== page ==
Randomized trials of replacing saturated fatty acids with n-6 polyunsaturated fatty acids in coronary heart disease prevention: Not the gold standard?
Published on Jun 1, 2018in Prostaglandins Leukotrienes and Essential Fatty Acids2.864
· DOI :10.1016/j.plefa.2018.04.002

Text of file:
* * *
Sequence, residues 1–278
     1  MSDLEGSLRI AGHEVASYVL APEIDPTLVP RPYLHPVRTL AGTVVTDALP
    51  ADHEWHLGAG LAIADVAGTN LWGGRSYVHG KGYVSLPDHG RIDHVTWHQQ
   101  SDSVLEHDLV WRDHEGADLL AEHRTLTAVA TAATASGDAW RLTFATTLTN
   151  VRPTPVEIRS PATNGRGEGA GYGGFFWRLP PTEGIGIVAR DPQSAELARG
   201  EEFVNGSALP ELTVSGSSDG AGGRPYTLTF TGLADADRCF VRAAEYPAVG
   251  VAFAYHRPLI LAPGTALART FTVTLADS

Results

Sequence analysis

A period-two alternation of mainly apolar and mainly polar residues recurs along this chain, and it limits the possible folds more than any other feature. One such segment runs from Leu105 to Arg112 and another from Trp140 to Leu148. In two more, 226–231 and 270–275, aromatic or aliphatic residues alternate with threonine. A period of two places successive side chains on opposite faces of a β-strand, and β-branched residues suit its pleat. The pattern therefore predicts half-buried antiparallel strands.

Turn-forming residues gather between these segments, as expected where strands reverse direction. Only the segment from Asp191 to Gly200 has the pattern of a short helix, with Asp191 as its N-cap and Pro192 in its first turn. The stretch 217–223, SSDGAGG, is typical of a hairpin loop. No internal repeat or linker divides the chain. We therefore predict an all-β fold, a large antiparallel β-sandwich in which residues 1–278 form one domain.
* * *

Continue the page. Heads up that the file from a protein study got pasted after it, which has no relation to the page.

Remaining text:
Abstract Several trials in the 1950s through 1970s tested the hypothesis that replacing saturated fat in the diet predominantly with n-6 polyunsaturated fat (PUFA) would reduce the incidence of coronary heart disease (CHD), mainly through modifying blood lipid profile. Most of these trials did observe a reduction in serum total cholesterol in the intervention group, but many trials failed to find a significant reduction in the incidence of CHD. However, some meta-analyses have found a reduced incidence of CHD by pooling the results from the trials. Recently, new recovered and reanalyzed data has emerged from two of the old trials. The new findings seemed to counteract the classical diet-heart hypothesis, when they found no cardiovascular benefit and even suggested harm, despite reduction in the serum total cholesterol concentration after replacing saturated fat especially with n-6 PUFA. This has raised criticism regarding the validity of the dietary recommendations that suggest partially replacing saturated fats with n-6 PUFA. This paper introduces the classical diet-heart trials and their main results and how the new findings relate to the overall study data of the cardiovascular effects of the n-6 PUFA. For multiple reasons considered here, it is difficult to draw firm conclusions of the cardiovascular effects of the n-6 PUFA based only on the findings in the old diet-heart trials. A more comprehensive picture emerges when also other lines of evidence is considered. The overall study data, including findings also from prospective cohort studies and from dietary trials with intermediate outcomes, still suggests that replacing saturated fat with n-6 PUFA would rather be beneficial than harmful for the prevention of CHD.